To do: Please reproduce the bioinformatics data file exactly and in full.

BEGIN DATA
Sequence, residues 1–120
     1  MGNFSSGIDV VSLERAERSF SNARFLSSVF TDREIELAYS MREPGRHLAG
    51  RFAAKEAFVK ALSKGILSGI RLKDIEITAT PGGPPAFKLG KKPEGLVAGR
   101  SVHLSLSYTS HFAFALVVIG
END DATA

Sequence, residues 1–120
     1  MGNFSSGIDV VSLERAERSF SNARFLSSVF TDREIELAYS MREPGRHLAG
    51  RFAAKEAFVK ALSKGILSGI RLKDIEITAT PGGPPAFKLG KKPEGLVAGR
   101  SVHLSLSYTS HFAFALVVIG